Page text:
Vermont: Preliminary 2019 ACA rate hike request: 8.6% (3.5% w/out mandate/CSR sabotage)

Given how progressive Vermont is, you'd think that they'd be doing as much as possible to batten down the hatches in order to avoid or mitigate the latest wave of sabotage efforts from the Trump Administration and the GOP...and you'd mostly be correct.

Some of the work on that front has already been done. For one thing, Vermont (along with Massachusetts and the District of Columbia) merges their individual and small group market risk pools together, which helps smooth out premium increases and overall morbidity across a larger risk pool. For another, Vermont has fully embraced ACA provisions such as Medicaid expansion and operating their own full exchange, of course. Vermont, along with a few other states, also has pretty strict rules in place limiting both short-term and association healthcare plans, so that portion of Trump's sabotage attack is neatly cancelled out already.

UPDATE: Whoops...looks like that last point is incorrect after all; shortly after I posted this, I was informed that the Urban Institute analysis had incorrect information about Vermont and Washington State:

After publishing our brief last month, we received new information about Vermont and Washington that these states can be expected to experience the full effects of short-term limited-duration policy expansion. In this updated brief, we have reclassified Vermont and Washington in that group and revised all affected estimates in the text and tables.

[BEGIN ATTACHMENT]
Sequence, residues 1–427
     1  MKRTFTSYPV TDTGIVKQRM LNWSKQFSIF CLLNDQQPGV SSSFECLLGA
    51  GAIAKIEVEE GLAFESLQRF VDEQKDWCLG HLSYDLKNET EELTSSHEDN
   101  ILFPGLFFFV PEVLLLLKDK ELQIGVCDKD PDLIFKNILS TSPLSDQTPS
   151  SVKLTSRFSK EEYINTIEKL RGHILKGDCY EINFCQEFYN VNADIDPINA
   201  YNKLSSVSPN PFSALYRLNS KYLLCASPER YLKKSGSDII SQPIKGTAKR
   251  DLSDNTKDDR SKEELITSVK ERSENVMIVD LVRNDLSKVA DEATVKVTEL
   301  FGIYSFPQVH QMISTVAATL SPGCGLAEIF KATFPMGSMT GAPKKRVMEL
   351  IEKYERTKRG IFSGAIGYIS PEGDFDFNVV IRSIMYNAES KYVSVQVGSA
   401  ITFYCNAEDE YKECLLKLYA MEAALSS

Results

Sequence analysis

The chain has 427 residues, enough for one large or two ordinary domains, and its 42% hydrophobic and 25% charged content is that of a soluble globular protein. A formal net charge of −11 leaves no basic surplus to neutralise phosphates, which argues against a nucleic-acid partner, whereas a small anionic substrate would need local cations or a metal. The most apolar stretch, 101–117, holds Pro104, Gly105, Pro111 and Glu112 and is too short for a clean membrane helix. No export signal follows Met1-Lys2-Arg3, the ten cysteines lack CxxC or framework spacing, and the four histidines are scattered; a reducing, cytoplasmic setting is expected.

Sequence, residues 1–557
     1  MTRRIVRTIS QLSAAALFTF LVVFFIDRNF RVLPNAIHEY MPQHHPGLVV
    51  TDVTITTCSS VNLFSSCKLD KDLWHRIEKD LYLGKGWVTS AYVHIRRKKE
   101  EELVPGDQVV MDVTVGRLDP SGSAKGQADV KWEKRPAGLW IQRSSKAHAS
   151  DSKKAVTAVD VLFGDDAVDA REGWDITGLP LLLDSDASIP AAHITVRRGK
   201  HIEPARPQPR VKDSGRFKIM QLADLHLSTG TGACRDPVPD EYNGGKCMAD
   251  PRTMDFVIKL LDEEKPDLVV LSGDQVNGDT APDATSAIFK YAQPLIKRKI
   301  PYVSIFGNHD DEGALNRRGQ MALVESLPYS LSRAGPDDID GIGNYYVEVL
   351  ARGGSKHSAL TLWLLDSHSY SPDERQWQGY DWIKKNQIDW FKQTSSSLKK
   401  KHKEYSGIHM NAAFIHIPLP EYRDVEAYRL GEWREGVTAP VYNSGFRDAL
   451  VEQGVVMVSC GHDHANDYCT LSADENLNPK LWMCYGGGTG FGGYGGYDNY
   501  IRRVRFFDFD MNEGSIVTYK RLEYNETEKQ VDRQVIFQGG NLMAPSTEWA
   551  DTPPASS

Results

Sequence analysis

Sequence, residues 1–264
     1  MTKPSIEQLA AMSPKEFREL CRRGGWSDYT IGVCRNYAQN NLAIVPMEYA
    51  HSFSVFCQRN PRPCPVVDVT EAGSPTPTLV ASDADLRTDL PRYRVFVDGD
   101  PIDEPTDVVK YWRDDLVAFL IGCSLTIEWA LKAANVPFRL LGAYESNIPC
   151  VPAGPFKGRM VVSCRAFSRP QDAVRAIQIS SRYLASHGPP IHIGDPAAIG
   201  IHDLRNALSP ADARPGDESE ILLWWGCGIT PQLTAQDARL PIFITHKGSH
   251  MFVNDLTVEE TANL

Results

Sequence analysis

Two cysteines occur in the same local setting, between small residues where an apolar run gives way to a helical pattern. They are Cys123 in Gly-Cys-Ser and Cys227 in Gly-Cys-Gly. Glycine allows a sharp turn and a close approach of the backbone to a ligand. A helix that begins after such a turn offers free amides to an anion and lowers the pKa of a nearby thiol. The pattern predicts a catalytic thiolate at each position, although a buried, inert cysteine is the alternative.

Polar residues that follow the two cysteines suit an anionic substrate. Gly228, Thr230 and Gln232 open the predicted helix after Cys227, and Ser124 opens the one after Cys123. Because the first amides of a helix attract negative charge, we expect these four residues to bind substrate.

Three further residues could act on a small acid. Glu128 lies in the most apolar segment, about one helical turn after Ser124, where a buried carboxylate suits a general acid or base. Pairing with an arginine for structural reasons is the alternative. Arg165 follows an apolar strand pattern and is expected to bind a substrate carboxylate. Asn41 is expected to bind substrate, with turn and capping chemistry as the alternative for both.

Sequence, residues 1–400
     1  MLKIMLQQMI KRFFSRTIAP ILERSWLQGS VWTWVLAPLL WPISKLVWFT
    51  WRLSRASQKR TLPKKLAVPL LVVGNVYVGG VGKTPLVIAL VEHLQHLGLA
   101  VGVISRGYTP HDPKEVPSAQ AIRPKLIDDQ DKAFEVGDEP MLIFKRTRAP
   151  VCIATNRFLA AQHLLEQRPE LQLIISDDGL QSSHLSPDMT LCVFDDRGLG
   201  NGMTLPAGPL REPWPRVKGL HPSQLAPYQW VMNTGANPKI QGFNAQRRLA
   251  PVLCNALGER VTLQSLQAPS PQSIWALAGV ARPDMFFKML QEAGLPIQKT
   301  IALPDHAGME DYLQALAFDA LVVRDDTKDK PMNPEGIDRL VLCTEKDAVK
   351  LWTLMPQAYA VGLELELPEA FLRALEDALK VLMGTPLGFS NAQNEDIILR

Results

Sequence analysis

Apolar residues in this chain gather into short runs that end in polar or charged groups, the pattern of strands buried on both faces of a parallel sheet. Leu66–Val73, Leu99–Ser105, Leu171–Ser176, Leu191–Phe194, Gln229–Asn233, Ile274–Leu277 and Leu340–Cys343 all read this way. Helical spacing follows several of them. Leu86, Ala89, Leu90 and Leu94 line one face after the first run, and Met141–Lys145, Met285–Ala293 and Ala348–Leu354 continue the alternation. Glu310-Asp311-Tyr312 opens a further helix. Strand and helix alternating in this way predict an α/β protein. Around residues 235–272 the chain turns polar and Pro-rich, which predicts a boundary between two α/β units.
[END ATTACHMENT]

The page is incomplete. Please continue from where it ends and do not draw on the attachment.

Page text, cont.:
Finally, Vermont offers their own enhanced Cost Sharing Reduction (CSR) financial assistance on top of the federal CSR help provided at the federal level. Here's the formula for the rest of the country compared to the formula for Vermont. It's not a massive assist but it takes some of the edge off for people earning between 200-300% FPL:

In other words, of the various sabotage schemes which Trump has attempted to pull so far, there are three which are significantly impacting Vermont's unsubsidized 2019 premiums: Last year's cut-off of CSR reimbursement payments and this year's elimination of the ACA's Individual Mandate penalty and regulation removal on short-term and association plans.

In most states, the CSR rate hike was already baked into the rate hike equation starting this year, but there were a handful of states (Vermont, DC and North Dakota) where for various reasons the carriers simply ate the CSR losses for the year and didn't add them to their 2018 premiums whatsoever. In 2019, however, Vermont is jumping on board the #SilverSwitcharoo train to make up the difference (see details in the filing screenshots below). They're also supposedly reinstating the individual mandate next year...but the details on that haven't been finalized yet, so the preliminary rate hike requests assume the mandate won't be in place.

As a result, Vermont's 2 exchange carriers are seeking overall average rate increases of 7.5% and 10.9% respectively...but both of these would be significantly lower if it weren't for the CSR & Mandate Repeal factors: Around 3.1% and 4.4% respectively, or about 3.5% overall:

The average unsubsidized premium paid by individual market enrollees in Vermont this year is $514/month per person, so that 5.1 percentage point difference means that unsubsidized enrollees in Vermont will be paying around $26/month or $314 more total next year for their healthcare policies due specifically to sabotage efforts by Donald Trump and Congressional Republicans. That's a huge increase from the nominal $2/month hike caused by sabotage this year (mainly because the CSR hit was delayed by a year).